A Confederate Map Pt. 3
The dates on the faded writing in the old diary were sporadic, and as the next couple of years went by, Julian Christmas found himself with a farm to rebuild. He wrote about finally being able to close the large camp of displaced people and gaining on his former life.
He had to build barns, mend fences, and figure out a way to grow food crops along with the cash crop of cotton. Family members returning from the war had taken over old slave quarters and these all needed repair. He bought more land for timber use and started a sawmill. The old map was not mentioned again until the summer of 1868.
He had developed chills to go with his lingering illness. (I think he may have contracted yellow fever) That summer he spent a lot of time at home in bed fighting for his life.
During this time he started writing in the diary on a nightly basis and finally gave the background on what and how the map came into his possession.
Mr. Christmas was in the cavalry of General Hoods division near Atlanta and they had received very simple orders. Defend Atlanta to the last man. Some of the bloodiest fighting of the Civil War was done as Sherman crept closer and closer to the city. General Hood obliged by sending waves of his Army against him in a desperate and futile endeavor.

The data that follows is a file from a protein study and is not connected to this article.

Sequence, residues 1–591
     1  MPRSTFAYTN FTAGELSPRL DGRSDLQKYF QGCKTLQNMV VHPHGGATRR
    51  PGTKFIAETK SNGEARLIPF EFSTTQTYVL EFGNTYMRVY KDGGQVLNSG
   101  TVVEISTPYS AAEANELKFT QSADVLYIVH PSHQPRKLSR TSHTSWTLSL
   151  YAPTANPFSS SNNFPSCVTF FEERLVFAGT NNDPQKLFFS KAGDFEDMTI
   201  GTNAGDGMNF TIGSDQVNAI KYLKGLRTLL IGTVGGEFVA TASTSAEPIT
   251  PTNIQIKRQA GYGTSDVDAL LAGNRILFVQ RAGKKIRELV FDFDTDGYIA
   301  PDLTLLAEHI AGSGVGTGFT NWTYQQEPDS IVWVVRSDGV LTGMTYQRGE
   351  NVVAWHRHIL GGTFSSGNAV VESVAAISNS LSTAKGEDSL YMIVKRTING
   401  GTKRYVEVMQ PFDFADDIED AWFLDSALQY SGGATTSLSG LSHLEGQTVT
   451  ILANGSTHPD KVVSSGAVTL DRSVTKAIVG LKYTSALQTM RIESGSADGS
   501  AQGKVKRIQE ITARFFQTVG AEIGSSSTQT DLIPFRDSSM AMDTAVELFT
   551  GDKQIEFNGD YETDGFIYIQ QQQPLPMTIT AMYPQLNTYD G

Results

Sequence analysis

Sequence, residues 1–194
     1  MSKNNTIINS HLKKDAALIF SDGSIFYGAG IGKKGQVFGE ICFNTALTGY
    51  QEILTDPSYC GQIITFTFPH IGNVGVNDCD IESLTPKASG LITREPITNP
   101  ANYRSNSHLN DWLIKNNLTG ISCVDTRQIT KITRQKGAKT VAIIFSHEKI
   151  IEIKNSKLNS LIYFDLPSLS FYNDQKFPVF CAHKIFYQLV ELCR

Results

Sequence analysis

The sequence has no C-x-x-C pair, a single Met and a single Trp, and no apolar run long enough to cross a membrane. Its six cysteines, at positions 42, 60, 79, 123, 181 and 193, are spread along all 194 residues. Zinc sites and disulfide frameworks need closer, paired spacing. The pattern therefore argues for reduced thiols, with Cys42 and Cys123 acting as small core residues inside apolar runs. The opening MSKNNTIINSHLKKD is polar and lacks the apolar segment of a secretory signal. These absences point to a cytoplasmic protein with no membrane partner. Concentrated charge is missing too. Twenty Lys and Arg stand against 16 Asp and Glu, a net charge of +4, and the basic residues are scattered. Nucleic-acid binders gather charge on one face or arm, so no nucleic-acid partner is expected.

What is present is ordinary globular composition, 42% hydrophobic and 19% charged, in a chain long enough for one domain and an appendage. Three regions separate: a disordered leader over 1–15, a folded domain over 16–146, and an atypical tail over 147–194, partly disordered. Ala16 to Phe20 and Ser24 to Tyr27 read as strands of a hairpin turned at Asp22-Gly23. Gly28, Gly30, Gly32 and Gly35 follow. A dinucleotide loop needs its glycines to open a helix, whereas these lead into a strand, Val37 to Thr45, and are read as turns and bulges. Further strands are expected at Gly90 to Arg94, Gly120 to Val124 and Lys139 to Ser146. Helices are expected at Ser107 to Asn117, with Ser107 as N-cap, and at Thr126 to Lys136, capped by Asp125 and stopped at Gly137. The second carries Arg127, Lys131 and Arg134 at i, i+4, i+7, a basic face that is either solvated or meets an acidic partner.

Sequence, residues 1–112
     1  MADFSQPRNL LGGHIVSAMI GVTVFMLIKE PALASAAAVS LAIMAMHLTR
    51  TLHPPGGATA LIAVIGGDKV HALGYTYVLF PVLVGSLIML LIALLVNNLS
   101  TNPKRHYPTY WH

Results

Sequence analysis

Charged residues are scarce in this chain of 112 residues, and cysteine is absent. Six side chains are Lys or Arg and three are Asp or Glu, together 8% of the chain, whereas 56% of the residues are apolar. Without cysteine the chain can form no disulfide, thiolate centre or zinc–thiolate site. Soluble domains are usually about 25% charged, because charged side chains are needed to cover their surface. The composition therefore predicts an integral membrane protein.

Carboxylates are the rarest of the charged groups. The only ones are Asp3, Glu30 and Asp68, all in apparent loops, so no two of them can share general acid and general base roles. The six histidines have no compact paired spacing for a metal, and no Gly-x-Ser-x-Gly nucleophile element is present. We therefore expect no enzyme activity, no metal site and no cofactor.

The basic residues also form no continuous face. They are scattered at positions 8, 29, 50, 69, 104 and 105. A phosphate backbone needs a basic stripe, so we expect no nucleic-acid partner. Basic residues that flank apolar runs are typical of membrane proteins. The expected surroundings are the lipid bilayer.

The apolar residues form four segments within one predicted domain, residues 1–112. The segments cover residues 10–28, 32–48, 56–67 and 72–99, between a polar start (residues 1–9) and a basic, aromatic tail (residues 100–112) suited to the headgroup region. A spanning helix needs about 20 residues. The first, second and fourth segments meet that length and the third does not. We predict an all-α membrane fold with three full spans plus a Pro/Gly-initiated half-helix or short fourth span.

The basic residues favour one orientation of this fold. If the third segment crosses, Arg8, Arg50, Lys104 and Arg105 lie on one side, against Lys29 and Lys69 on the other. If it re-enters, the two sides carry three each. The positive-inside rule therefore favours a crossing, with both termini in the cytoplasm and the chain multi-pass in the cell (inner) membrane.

Julian found himself in a foxhole, next to his dead horse, nursing a fellow wounded soldier named Kevin Paulson during one of those dead still nights that always seemed a prelude to a major battle. He wrote about the horrible moaning of men in the darkness and the knowledge that he could not help any of them, much less himself.
As the two men sat there, they began to talk and the Corporal was very interested in his name of Christmas. He seemed to ask questions until he was satisfied and then a very strange story started to emerge.
The man had been with General Forrest early and as the war spread, he found himself taking the last of the Bank of Greenwoods gold and silver coin toward Vicksburg to keep it from being looted by the Union Army. After several days of fighting and some stealthy maneuvers they found themselves taking a few days rest at the Christmas Place Plantation. They were well taken care of by the mistress which was Julian’s’ wife and the men relaxed there till they could find out any enemy movement in the area. This was fine till General Forrest received an afternoon dispatch. Union soldiers were moving up the Yazoo river toward Greenwood to attack and destroy the shipyard that held the newly constructed ironclad, the C.S.S. Arkansas. He was urged to return to that position immediately.
Late that night Corporal Paulsen was called to the smithy with 9 other of his men to meet with the General. Once gathered together they saw that the largest of their cannons was being worked on. It was loosened from it’s catch and the fuse hole was welded shut. Then all of the gold and silver that they were transporting was poured into the barrel.Wadding was crammed into the end and hot lead was poured in to seal the barrel tight.
Corporal Paulson knew that they were about to bury the treasure but did not know how they would ever find it again if they buried it in an unknown place during the night.
General Forrest laughed and told them that he was making a detailed map.
Prologue, Part 1, Part 2
Labels: Confederate Treasure